The irony is that the gesture might be breathtakingly impactful to you. Or it might be a subtle nicety. But it’s for you, and someone, out of their caring for you, is going to the effort to do it for you. How does it feel? Do you like it? Would you like it to continue?

If yes, use all your senses to say thank you until you find the right combination for your partner. Some of us want to hear “Thank you, that made me feel great!” Some of us want to be pulled close and kissed with gratitude. Some of us just want the grateful embrace, or to see a big smile as we are thanked. There is no universally wrong answer, and once you begin learning about NLP, you start to notice that there are some ways that will work better with your partner than others. There are some ways that, while not better overall, are indeed very much better for that person. And since the two of you have so much wrapped up in one another, what’s very much better for your partner, if you’re smart, will become very important to you.

Feel that gratitude. Show that gratitude. Experience that gratitude together. Connect with one another in a place of Gratitude. Let it fill your spirit and bless your relationship. Let it weave a sumptuous bond between you and your partner, holding you together even as the stresses of life and the people around you strive to pull you in separate directions.

Gratitude is one of the few gifts we can give simultaneously to one another and to ourselves. Give prodigiously!




The title for this article comes of course from a traditional line in a Western wedding vow. Yet how often do we consider each line of that vow prior to making it? We recently got an opportunity to experience this in our own lives.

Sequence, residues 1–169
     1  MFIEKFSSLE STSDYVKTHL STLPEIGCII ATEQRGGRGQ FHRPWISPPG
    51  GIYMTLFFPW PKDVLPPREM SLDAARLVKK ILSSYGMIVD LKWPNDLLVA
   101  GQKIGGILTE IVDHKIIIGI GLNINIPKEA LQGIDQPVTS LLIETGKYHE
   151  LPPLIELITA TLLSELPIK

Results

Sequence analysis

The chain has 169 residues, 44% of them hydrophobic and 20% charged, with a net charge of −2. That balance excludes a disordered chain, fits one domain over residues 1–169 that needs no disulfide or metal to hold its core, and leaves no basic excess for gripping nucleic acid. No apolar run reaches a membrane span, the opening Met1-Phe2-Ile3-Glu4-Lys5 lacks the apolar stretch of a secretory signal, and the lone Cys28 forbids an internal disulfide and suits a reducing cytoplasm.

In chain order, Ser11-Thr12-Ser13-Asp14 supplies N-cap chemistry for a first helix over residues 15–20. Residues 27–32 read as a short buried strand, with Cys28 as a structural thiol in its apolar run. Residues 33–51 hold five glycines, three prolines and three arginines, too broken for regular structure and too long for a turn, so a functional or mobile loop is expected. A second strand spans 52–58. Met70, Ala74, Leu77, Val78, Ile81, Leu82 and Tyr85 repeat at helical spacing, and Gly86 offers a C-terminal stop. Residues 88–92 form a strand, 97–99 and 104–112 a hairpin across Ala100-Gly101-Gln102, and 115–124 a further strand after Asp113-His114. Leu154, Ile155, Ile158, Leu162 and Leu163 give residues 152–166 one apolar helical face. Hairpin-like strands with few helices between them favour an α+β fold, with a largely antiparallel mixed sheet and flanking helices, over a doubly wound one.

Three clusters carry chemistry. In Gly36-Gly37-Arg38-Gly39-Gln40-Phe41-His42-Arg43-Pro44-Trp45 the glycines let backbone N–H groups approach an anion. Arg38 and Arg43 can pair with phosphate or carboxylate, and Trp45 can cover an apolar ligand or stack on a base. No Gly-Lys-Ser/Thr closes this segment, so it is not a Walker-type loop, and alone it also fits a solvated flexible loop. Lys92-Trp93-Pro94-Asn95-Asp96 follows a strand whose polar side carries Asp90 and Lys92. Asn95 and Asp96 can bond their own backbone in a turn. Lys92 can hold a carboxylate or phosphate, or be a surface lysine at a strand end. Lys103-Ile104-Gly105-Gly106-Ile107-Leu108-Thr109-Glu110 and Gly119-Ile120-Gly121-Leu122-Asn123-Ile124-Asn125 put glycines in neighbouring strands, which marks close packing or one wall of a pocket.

One of us had been involved in a serious car accident, which coincides with a noticeable gap in our posting activity. Despite wearing a seat belt, and his car not actually moving (traffic was backed up, waiting for an opportunity to turn onto another street, and a driver in a car behind did not notice all the red brake lights ahead of him. Well, if the lights hadn’t tipped him off, I’m sure the abrupt STOP and accompanying crunch of metal and shattering of glass filled him in!

When we are hit where we live, a piece of ourselves vital to our everyday activities, is threatened, it can be very frightening. For a factory worker who loses a hand, a runner who injures a leg, or for someone like us who works with technical data and human behavioral strategies, our brains are very important to us. The resulting concussion was very frightening indeed. The brain has, in some ways, a great deal of resiliency, yet research has also shown that some aspects of brain-controlled or brain-managed function are actually quite fragile. Damage of certain types and of certain profundity can radically alter behavior, personality, and yes, skill. This is not to blow this injury, which thankfully was temporary, out of proportion. All due respect to those who have suffered far worse. Yet it was every bit as frightening for us to consider the possibility that the injury would have devastating and far-reaching impact. No doctor could tell us in the first month how long it would take, or if complete healing would ever take place. There are no guarantees, we were told.